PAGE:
For a (fictional, but set in the real world) story set in 1962, I need to get my protagonists from the USSR into Afghanistan. I've done some research and found no reliable information about the historical status of todays border crossings. In the west, near Aqina the border crossing was officially opened in 2007 - did it not exist before or was it closed for some time? What was its status in 1962? In the middle, at Hairatan, the bridge was built for the Soviet invasion in 1979. What was there in 1962? To the east, the Tadschikistan border is described a "porous", but roads are sparse and typically run along the border, not over it. Many of them are fairly recent and probably didn't exist in the 60s.

I've exhausted my sources and hope for an answer or pointers to other sources.

So how to cross over from the Soviet Union into Afghanistan in 1962? It would be best if there were at least two options that my protagonists could discuss.

(additional information: For reasons, taking the plane is not an option)

2 Answers 2


One such crossing was over the Amu Darya river, which separates the Uzbek (Soviet) city of Termez from Hairatan. As Uzbekistan is doubly landlocked, it has no seaports, and Termez is the most important of its riverine ports. In ancient times the port was at nearby Kampyr-Tepe. Before the various bridges were built, "[t]here had been river traffic between Termez and Afghanistan for many years", including ferries. Termez's present port facilities were built up along with or after a Russian "fortress and garrison" was installed there in the 1890s. A bridge across another section of the same river was built in 1901. In the 1960s, it must have been practical to cross the river from Termez to Hairatan.


I've been to that border region in 2011. It's a largely barren, semi-desert area, hilly and mountainous. As such I'd not be at all surprised if the border was pretty much impossible to patrol for either country without investing massive amounts of manpower and material. While I didn't get very close to the border, I saw no roads leading towards it that would indicate patrol roads along the border, let alone things like watch towers and other fortifications.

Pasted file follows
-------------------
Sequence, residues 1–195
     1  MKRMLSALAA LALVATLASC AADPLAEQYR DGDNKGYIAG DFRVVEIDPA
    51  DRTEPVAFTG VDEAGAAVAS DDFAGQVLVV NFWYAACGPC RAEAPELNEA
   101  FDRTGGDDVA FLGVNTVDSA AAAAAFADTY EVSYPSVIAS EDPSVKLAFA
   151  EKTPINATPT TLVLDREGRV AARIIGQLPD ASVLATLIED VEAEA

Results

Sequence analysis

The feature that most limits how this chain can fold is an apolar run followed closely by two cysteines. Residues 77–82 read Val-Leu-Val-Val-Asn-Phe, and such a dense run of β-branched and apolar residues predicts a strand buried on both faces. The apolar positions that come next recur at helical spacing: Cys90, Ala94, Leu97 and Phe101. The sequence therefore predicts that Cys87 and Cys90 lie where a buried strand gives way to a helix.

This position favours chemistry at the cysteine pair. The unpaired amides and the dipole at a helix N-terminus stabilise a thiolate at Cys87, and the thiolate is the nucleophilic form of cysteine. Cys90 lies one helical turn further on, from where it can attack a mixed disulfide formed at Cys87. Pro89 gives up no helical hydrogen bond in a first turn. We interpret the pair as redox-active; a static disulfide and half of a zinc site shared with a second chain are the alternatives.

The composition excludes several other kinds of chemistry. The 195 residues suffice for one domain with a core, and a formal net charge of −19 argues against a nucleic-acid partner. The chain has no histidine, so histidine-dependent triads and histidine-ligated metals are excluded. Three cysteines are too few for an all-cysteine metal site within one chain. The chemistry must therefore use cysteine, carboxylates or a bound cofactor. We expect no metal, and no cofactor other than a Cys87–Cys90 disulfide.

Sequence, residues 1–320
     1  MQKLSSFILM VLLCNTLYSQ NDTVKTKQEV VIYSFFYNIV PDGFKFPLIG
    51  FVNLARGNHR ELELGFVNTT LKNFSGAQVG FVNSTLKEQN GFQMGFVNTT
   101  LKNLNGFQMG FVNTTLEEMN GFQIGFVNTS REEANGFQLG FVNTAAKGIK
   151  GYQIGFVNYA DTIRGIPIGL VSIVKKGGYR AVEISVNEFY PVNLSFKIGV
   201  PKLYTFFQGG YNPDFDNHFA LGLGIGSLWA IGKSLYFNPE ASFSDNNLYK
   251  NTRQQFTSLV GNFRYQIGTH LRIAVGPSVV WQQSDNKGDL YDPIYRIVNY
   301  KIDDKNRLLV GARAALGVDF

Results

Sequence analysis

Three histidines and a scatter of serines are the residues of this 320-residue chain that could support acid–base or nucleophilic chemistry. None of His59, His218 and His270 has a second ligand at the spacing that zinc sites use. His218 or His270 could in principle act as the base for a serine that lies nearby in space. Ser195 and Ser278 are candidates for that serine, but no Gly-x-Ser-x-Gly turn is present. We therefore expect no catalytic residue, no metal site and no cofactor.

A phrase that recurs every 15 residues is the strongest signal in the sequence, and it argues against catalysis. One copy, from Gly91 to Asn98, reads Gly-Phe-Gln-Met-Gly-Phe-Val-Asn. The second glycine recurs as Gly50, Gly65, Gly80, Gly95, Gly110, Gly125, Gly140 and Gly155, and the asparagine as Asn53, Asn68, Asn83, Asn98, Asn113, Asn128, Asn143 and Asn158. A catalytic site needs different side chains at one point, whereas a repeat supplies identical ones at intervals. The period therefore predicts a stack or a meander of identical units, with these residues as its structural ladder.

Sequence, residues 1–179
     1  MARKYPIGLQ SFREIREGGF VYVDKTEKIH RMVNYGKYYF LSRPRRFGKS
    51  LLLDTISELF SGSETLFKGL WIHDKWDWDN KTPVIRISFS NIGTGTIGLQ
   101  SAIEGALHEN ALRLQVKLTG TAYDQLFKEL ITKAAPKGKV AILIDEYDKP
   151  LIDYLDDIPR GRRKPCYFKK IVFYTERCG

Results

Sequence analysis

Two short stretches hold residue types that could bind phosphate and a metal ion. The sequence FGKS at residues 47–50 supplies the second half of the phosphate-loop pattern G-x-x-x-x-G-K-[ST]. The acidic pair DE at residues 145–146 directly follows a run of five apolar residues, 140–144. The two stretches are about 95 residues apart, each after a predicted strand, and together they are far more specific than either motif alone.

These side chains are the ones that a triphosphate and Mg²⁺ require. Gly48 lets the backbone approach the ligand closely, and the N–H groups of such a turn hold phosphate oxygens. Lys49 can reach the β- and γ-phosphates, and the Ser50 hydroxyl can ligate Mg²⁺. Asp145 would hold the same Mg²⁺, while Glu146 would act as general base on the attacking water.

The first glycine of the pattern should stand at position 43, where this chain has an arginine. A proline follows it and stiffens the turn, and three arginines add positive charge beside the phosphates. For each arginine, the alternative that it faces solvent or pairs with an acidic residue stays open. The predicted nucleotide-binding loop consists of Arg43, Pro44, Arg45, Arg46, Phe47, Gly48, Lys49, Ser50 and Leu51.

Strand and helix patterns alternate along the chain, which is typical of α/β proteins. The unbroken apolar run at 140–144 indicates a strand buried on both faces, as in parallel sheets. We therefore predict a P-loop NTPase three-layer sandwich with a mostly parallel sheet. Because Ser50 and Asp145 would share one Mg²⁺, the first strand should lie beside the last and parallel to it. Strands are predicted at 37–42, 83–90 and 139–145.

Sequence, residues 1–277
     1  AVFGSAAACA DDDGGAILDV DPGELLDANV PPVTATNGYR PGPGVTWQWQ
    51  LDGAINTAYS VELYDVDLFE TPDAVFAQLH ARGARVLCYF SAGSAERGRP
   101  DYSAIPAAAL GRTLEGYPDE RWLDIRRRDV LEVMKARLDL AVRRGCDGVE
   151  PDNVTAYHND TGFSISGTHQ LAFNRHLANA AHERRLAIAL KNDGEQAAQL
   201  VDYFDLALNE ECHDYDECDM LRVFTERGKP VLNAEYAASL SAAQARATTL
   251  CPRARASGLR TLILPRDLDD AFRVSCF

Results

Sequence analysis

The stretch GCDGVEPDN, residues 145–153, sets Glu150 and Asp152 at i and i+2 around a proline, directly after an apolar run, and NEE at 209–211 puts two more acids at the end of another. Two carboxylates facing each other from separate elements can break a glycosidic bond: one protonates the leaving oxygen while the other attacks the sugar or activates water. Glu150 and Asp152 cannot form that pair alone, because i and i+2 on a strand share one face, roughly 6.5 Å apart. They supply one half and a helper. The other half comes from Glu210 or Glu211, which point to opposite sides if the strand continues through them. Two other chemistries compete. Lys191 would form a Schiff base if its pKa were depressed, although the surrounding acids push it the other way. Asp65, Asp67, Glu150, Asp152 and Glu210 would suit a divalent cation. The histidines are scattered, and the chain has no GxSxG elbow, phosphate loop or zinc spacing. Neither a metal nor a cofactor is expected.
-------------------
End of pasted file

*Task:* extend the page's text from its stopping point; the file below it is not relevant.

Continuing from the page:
So it's entirely possible (I'd say even very likely) that there may well have been a lively cross border smuggling going on.

And that was during the days of the struggle with the Taliban, who saw the Uzbek government as an enemy (Uzbekistan does not allow people being openly religious, ANY religion, and does not allow proselitising within its borders, they also hosted several western nations' air forces providing air support for ground troops operating against the Taliban at the time).

I wouldn't be surprised if there were occasional helicopter patrols of the border, but I didn't see any. During the Soviet era there'd have been more resources available for those, but less technologically advanced so for example night vision equipment would have been hard to come by and less efficient, making it probably rather easy to filter small parties on foot or horseback across the border under cover of darkness (especially given the ruggedness of the terrain).

  • Thanks for the information. I'm assuming that crossing the border without a road requires some kind of off-road vehicle - which may not have been easy to come by in USSR times. Or is the surface hard-packed and driveable?
    – Tom
    Commented Dec 17, 2018 at 9:29
  • 1
    @Tom horses... As is, we saw several quite well armed (rifles, what looked like swords or long knives) civilians on horseback while driving through the area.
    – jwenting
    Commented Dec 17, 2018 at 10:37

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